U’s ReUse Center finds new life for trash

Down Como Avenue nearly to St. Paul, there is a warehouse center housing the University of Minnesota’s not-too-distance past.

(Photo courtesy of www.facebook.com/UMN Reuse)
(Photo courtesy of www.facebook.com/UMN Reuse)

The ReUse Program is a recycling center that goes the extra mile, collecting old, used university items for resale, interrupting their path to the garbage. From the mundane to the downright bizarre, the program accumulates items to be purchased back into the university community.

Office furniture, lab equipment, school supplies, house and kitchenware are just some of the goods that can be found for sale at the warehouse. The program packs its warehouse with as many things as possible, large and small, from the floor to ceiling.

The ReUse Program has been in existence in one form or another since the 1980s, but it has operated out of its current warehouse space since 1993. Some regular customers have been coming to the program for over 20, even 30 years, program manager Todd Tanner said.

The warehouse has a large group of regulars from the general public. Tanner describes them as eclectic artists, refurbishing vintage furniture or repurposing old items to use in a project.

“Our first goal is to get [items] back into the hands of the university… It diverts the item from the waste stream…and saves the university money if they don’t have to repurchase,” Tanner said.

The program grew in the 1990s as awareness increased to be more environmentally sustainable, Tanner said. This is the concept that attracted environmental science, policy and management student Chris Hinze to seek out a part-time student staff position at the program.

“[I] believe that this warehouse has huge potential to reduce the University’s spending as well as ecological footprint. [The University community] is promoting sustainability and reducing waste while also not creating a demand for additional resource extraction and manufacturing elsewhere,” Hinze said.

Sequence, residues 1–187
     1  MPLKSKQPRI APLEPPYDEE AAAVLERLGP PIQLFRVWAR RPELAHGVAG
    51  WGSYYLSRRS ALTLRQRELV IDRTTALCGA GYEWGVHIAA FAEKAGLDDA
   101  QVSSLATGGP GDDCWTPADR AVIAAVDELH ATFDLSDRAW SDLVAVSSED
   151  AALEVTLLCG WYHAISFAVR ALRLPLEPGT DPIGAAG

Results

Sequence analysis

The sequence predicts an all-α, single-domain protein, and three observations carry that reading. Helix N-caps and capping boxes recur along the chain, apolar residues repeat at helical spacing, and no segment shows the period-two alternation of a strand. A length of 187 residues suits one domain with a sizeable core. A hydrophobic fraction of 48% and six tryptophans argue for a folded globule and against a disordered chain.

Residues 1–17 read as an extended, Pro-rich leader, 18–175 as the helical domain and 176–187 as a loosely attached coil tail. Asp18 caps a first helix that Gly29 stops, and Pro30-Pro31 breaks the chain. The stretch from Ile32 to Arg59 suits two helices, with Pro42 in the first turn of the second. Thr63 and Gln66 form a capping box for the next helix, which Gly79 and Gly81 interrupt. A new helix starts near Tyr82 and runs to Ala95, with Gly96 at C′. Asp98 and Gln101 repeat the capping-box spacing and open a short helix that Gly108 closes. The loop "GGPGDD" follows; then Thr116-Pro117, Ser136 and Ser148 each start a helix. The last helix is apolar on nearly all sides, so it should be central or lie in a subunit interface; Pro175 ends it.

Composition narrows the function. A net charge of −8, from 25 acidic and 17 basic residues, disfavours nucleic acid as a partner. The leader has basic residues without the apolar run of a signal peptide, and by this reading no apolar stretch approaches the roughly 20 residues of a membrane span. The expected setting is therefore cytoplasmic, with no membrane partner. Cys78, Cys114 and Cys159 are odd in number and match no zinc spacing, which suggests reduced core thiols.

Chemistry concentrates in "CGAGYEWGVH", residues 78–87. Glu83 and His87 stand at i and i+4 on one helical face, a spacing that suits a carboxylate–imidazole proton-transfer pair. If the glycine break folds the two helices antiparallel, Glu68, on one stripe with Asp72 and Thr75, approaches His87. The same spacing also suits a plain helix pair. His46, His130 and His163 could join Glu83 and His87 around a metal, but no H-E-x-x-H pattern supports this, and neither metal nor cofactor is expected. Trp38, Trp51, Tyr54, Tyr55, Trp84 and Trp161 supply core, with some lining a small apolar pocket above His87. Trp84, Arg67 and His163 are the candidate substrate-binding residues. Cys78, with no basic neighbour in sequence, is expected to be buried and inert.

The ReUse Program processes about 40 tons of product every month, sustainability coordinator Stacey White said. When the program partners with other organizations for events, this amount is even more. ReUse recently partnered with the Textile Center for its annual textile garage sale. In the fall, it also works with the university’s ReUse-a-palooza bike sale on Northrop Plaza.

However, the biggest event, Pack and Give Back, revolves around the move out of the U’s campus and surrounding neighborhoods. For this, the program, with the help of Goodwill, collects donated items from the U’s residency halls. In the surrounding Marcy-Holmes and Como neighborhoods, they collect usable items that would normally end up in the city’s landfill and incinerator.

“The idea was… all of these things that are probably less than a year old. How can we capture this stuff and, instead of putting it in a landfill, get it back to people who need it? So that was kind of the inspiration behind Pack and Give Back,” Tanner said.

As of April 30 of this year, the ReUse Program began collecting the usable items that will stay in storage over the summer. In fall as the school year begins, all the items will be available in the program’s free store for students and the University community. In previous years, the program and its partners have collected and redistributed over 175 tons of product.

It’s a way for the previous students to pay it forward to current students, Tanner said.

All of this product moving in and out of the program definitely sends in the oddity or two…or three. Tanner and Hinze said medical training mannequins and gurneys are not uncommon. But the weirdest of them all was turned over to biohazard.

“[I]t was the rear end of a cow and it was meant to do birth training on. So you’d like stick your hand up to pull the calf out, but they looked really, really, really real,” White said. After putting a picture up on the program’s Facebook page, she received a lot of feedback from customers, including much concern.

“The concern was that it was real, but like obviously I’m not going to have a half of a skeleton of a real cow!” White decided against selling the piece, despite the intense interest online for it.

The ReUse Program is open to students and the public every Thursday and the first Saturday of the month. Aside from their free store in the fall, they always have many items available for free at the warehouse.


Reporter Kerry Gaynor is studying journalism at the University of Minnesota. Thanks to Gaynor and Murphy News Service for sharing this story with us.